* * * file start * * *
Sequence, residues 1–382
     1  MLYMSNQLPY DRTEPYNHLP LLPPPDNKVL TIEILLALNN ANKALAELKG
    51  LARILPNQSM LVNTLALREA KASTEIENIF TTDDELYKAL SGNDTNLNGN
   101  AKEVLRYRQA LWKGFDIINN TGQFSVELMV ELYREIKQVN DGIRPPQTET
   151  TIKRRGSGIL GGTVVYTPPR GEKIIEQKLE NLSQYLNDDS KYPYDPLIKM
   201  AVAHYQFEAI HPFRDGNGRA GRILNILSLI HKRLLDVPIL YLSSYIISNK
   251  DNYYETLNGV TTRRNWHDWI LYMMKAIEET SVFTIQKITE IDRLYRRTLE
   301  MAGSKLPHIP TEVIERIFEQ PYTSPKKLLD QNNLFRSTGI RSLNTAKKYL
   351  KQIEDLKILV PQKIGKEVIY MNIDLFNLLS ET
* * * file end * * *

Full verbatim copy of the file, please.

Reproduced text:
Sequence, residues 1–382
     1  MLYMSNQLPY DRTEPYNHLP LLPPPDNKVL TIEILLALNN ANKALAELKG
    51  LARILPNQSM LVNTLALREA KASTEIENIF TTDDELYKAL SGNDTNLNGN
   101  AKEVLRYRQA LWKGFDIINN TGQFSVELMV ELYREIKQVN DGIRPPQTET
   151  TIKRRGSGIL GGTVVYTPPR GEKIIEQKLE NLSQYLNDDS KYPYDPLIKM
   201  AVAHYQFEAI HPFRDGNGRA GRILNILSLI HKRLLDVPIL YLSSYIISNK
   251  DNYYETLNGV TTRRNWHDWI LYMMKAIEET SVFTIQKITE IDRLYRRTLE
   301  MAGSKLPHIP TEVIERIFEQ PYTSPKKLLD QNNLFRSTGI RSLNTAKKYL
   351  KQIEDLKILV PQKIGKEVIY MNIDLFNLLS ET